One of the awesome things about chickens is that cooking a whole one can make several meals worth of finger-lickin’ protein. However, whether fried, boiled, baked, or grilled, cooked chicken has a definite “safe to eat” window.
How long is refrigerated cooked chicken safe to eat?
The United States Department of Agriculture (USDA) has clear-cut guidelines on how long you should keep chicken in the fridge before eating it becomes a game of food poisoning Russian roulette:
- Raw chicken: 1 to 2 days
- Cooked chicken: 3 to 4 days
This is assuming your fridge is at a bacteria-slowing below 40°F (4°C). If your refrigerator is any warmer, bacteria grows and your chicken (as well as everything else) becomes a germ party. Buy a new fridge.
You’ve heard of salmonella? Well, it doesn’t only come from salmons. If that’s news to you, then for the love of all things holy, read on before whacking that week-old KFC in the microwave.
As Vanilla Ice proved, nothing stays fresh forever. But the definition of “fresh” varies from person to person.
If, to you, fresh means “safe to eat,” the answer is 3 to 4 days. However, if you associate freshness with flavor and texture, Day 1 Fridge KFC probably tastes a lot fresher than Day 4 Fridge KFC. Both are safe by FDA standards, though.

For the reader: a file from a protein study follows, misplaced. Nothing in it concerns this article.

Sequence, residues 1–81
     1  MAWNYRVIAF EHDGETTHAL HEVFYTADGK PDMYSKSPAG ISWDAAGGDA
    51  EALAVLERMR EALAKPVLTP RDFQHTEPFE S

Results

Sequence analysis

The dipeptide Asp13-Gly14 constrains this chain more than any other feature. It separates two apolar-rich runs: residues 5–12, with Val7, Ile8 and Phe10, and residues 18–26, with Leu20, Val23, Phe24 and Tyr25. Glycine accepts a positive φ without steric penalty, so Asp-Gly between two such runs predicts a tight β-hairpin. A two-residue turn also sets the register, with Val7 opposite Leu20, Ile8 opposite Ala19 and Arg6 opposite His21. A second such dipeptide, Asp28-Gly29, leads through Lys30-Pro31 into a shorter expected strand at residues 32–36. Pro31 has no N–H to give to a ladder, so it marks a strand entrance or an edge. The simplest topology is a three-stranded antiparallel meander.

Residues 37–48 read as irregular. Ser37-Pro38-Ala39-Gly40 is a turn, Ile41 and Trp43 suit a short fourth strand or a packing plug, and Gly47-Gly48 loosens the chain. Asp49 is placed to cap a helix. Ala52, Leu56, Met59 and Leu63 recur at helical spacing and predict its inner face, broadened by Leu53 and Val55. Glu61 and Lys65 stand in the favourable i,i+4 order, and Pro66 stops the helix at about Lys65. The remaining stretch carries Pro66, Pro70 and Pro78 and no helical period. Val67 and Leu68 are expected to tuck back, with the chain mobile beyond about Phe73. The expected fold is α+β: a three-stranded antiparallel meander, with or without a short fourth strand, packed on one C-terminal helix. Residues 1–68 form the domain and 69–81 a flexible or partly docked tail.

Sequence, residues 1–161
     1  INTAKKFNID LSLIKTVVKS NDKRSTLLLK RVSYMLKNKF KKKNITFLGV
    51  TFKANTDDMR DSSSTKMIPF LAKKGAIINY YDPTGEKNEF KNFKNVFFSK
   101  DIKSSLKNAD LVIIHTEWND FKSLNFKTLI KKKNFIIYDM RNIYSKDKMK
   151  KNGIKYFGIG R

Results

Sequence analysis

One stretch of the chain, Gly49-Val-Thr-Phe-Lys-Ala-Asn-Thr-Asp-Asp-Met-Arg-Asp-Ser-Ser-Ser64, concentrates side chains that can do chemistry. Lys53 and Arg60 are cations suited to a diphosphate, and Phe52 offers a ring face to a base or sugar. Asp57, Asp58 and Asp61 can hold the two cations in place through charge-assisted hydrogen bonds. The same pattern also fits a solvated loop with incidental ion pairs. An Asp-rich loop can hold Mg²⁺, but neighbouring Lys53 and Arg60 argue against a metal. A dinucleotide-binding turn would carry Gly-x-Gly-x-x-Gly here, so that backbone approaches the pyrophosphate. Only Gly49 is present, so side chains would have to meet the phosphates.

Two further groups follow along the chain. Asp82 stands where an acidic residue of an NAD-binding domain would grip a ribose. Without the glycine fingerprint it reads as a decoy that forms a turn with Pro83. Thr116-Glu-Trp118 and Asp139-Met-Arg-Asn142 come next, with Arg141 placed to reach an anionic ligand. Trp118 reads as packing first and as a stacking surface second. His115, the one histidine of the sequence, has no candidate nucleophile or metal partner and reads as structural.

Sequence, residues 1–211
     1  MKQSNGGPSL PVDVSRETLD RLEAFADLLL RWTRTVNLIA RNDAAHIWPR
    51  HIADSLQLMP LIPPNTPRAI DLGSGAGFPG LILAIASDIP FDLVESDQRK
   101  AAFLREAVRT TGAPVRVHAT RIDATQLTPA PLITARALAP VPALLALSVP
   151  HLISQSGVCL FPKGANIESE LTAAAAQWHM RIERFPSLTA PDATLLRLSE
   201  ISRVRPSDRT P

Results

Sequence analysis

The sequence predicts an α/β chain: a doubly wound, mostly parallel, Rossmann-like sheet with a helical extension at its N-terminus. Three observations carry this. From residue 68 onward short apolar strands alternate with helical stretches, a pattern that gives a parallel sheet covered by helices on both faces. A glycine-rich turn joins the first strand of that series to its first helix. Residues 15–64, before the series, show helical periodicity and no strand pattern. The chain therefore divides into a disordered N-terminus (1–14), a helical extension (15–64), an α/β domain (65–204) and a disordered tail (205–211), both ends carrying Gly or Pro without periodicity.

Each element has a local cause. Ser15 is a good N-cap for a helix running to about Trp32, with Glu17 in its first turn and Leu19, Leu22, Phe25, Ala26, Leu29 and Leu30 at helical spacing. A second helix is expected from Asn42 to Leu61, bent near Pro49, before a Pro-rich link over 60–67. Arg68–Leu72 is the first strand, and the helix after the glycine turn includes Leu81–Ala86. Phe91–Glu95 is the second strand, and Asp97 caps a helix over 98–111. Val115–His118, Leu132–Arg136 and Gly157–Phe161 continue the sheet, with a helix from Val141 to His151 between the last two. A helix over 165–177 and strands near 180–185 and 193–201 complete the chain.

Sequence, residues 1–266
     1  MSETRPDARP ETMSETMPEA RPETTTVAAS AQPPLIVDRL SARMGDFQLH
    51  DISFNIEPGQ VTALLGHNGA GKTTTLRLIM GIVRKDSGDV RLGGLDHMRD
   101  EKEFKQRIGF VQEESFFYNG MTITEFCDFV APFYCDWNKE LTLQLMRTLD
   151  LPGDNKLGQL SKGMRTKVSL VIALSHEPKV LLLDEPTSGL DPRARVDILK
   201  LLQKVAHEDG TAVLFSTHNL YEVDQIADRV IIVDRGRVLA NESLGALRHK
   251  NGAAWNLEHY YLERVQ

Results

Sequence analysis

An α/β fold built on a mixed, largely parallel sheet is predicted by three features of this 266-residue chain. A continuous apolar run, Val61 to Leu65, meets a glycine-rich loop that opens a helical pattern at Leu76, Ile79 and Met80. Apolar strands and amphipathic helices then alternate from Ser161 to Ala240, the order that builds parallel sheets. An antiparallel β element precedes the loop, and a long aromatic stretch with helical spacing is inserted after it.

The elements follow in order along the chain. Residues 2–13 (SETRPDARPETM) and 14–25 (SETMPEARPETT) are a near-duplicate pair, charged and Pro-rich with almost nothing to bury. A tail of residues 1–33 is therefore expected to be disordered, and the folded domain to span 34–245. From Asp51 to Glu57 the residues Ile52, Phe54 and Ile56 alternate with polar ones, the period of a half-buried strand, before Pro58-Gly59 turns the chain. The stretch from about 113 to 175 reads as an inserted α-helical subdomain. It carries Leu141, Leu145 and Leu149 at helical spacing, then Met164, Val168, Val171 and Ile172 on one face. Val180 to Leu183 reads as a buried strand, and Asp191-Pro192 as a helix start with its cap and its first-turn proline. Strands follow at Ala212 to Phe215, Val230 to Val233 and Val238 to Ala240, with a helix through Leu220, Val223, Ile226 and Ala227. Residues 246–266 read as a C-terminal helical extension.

If you’re the kind of person that can’t keep to such a tight schedule and needs to plan their reheated KFC and RuPaul nights well in advance, you can freeze that half-full bucket of the Colonel’s wings for a whole 6 months.
You can extend that to 6 months if you order a dozen pots of gravy to freeze them in.
Luckily for you, it’s super easy to tell if eating the chicken in your fridge is a one-way ticket to Diarrhea Town.
Even when sticking to the “1 to 4 days” rule, chicken can sometimes go bad early for a whole bunch of reasons. If your cooked but cold poultry from Friday’s BBQ is showing any of the following signs, it’s best to avoid chowing down on that sandwich you made for Monday’s lunch:
- The “best by” date is past tense. “Best by” dates exist for a reason. If your cooked chicken is past its own, the risk of post-feast food flu is much higher.
- The color changes. If your cooked (or raw) chicken is turning gray/greenish in color, it’s bad. If there’s mold on it, serious bacteria growth has started. It’s time to consider chuckin’ that chicken.
- It smells. Chicken, whether raw or cooked, is notorious for smelling like Michael Moore’s unwashed jockstrap when it’s gone off. It’s an acidic smell, not too dissimilar from ammonia. If you’ve marinated your chicken in sauce or a secret recipe of 11 herbs and spices, however, the smell can be harder to pick up.